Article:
Smart cities are hardly a new concept, in fact we’ve already seen some of them fail, like Masdar. Google, however, has a plan on how we can apply smart concepts to existing cities at a small scale, starting with traffic and parking, rather than wasting resources to build something from the ground up. The downside? It means the search giant will collect even more data on you.
Okay, so it’s not entirely Google’s doing. Sidewalk Labs is a startup created by Google co-founder Larry Page, who currently sits as the CEO to Alphabet, Inc. The startup is also a subsidiary of Alphabet, (itself the relatively new parent company of Google, Google X, Nest, Fiber, and many more firms companies that were previously under the umbrella of Google). Sidewalk Labs isn’t exactly under the radar — it’s part of the reason New York City is getting gigabit-per-second Wi-Fi via LinkNYC’s hubs.
Based on that project and the company’s name, you can try and guess what type of problems it is trying to solve. For a clearer understanding, Sidewalk Labs’ website says it best:
“Sidewalk Labs is a new type of company that works with cities to build products addressing big urban problems,” the website reads. “We’re building a platform and a set of urban applications to accelerate innovation in cities around the world.”
How one of those platforms — Flow — works in conjunction with a city has been unveiled, thanks to documents unearthed by The Guardian. Flow is a cloud-based solution by Sidewalk Labs that wants to reduce traffic congestion, while also providing an easy way to direct people to parking. It’s a management solution that Sidewalk Labs has presented to the city of Columbus, Ohio for consideration. Why Columbus? The city won the Department of Transportation’s Smart City Challenge, which means it’s also receiving $50 million.
A large part of how Flow works is available to read on Sidewalk Labs’ website, and it’s worth noting that the partnership deal and finer contractual details haven’t been disclosed before.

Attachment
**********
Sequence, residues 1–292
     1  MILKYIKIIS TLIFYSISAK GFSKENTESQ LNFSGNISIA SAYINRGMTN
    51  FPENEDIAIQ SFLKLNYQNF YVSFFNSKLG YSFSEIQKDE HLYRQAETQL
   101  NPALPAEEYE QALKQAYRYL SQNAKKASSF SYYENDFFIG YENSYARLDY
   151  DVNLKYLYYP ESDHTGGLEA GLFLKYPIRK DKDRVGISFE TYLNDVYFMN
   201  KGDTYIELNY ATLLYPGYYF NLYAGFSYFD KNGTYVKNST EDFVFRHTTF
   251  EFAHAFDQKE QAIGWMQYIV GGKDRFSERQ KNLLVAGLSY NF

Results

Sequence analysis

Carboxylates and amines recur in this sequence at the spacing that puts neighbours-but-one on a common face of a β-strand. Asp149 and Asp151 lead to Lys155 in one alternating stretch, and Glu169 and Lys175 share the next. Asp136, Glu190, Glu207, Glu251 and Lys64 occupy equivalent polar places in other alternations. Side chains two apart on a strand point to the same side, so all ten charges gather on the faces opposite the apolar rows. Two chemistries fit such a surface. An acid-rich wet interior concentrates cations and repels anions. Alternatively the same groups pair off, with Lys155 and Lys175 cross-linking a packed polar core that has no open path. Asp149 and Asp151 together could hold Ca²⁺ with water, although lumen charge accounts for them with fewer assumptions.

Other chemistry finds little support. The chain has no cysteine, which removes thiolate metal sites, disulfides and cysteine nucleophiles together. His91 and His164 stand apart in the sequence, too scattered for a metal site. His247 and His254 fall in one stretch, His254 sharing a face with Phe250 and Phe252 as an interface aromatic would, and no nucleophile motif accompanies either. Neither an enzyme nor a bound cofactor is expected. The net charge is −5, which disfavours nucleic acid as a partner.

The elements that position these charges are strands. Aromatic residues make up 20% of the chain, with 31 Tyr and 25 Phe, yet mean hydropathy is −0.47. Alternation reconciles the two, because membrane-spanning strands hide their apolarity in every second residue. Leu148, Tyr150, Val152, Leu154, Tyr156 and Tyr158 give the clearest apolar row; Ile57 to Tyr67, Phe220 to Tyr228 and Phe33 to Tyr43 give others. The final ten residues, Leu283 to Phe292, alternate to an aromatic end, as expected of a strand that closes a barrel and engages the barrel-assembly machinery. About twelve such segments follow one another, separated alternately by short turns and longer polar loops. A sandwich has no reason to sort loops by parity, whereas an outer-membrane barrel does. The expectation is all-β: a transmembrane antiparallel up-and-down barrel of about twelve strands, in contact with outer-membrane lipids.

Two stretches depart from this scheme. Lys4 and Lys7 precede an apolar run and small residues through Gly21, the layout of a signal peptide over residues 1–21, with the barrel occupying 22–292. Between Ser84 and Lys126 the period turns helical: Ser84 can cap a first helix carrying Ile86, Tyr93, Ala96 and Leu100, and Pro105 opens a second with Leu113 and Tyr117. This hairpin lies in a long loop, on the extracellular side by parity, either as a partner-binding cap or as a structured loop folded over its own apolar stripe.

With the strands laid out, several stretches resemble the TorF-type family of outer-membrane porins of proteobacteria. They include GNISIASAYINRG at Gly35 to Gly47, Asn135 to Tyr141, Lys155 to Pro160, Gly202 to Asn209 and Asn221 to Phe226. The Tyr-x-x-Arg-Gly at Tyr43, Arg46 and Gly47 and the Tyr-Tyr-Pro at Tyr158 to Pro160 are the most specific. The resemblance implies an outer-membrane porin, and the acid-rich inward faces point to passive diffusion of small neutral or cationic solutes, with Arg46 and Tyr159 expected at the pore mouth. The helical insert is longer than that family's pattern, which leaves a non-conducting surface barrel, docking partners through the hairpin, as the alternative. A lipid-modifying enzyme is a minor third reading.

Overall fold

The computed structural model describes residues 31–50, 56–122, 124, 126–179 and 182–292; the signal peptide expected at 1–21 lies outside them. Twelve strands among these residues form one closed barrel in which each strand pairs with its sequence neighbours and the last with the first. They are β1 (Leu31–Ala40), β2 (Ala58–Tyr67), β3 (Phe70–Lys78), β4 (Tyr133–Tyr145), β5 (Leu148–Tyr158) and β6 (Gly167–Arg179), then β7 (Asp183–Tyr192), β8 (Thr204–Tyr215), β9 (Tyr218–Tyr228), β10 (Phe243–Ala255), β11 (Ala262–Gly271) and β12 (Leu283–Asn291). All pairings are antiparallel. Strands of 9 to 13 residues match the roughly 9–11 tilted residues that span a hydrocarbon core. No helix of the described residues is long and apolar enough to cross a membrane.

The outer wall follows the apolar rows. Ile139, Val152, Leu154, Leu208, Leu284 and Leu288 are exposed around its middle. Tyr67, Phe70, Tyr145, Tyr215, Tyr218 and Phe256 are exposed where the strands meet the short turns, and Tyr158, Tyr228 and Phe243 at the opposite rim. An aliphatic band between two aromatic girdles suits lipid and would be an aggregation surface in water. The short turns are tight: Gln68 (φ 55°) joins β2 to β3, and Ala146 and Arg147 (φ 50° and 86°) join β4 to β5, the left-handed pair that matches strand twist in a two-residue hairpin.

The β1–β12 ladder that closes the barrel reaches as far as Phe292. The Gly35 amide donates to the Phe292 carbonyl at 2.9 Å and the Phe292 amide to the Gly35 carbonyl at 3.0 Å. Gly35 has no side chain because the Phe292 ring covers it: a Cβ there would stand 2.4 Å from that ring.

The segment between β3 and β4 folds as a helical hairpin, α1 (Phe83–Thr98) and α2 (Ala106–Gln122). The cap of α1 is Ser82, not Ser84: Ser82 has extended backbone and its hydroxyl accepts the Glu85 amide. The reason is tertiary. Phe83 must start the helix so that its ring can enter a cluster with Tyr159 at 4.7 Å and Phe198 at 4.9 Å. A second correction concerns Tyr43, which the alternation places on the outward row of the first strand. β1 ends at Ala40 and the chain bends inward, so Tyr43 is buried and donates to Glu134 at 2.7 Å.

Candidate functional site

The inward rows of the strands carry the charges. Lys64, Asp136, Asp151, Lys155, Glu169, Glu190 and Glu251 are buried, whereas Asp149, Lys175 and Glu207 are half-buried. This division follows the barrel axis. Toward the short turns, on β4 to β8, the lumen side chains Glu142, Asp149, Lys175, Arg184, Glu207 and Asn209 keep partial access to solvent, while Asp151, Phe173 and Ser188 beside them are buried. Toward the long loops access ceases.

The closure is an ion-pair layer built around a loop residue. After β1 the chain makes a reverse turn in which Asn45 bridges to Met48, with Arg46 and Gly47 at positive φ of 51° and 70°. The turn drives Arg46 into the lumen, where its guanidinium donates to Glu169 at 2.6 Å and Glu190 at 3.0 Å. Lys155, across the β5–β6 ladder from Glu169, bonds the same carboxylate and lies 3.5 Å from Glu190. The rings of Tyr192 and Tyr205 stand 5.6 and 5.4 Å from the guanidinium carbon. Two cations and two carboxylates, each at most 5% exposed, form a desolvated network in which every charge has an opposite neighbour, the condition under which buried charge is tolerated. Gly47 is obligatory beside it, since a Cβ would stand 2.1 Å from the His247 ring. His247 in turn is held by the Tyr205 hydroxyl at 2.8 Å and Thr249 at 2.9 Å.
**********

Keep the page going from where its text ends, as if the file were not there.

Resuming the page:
Flow works like this: vehicles with cameras attached would first drive around the city, not unlike Google’s Street View cars, to record roadside parking signs and map out all the public parking locations in the city. Then using data from drivers using Google Maps, Flow will estimate which parking spaces are still free, and direct such drives to empty spots.
Private parking lots can also take part in this city-wide initiative. Adding their database to Flow would let retailers and offices “temporarily rent” private parking spaces thanks to the “virtualized parking” solution. These virtualized spaces would be worth around $2,000 according to the documents from the Guardian.
All of this data would be integrated into Google Maps or another dedicated app, including public transport options and payment. That way, the app would be the one-stop shop for picking and paying for your method of transportation, from Ubers and bike-shares to buses and subways.
“Flow is about using data and analytics to help cities work with their citizens to increase the efficiency of road, parking, and transit use, improving access to mobility for all,” Anand Babu, COO of Sidewalk Labs, told Digital Trends. “Flow will allow cities to understand their transportation systems in real time, and could be used to improve and plan public transportation, guide drivers directly to parking, or point commuters to shared mobility options they can use when public transportation is not an option.”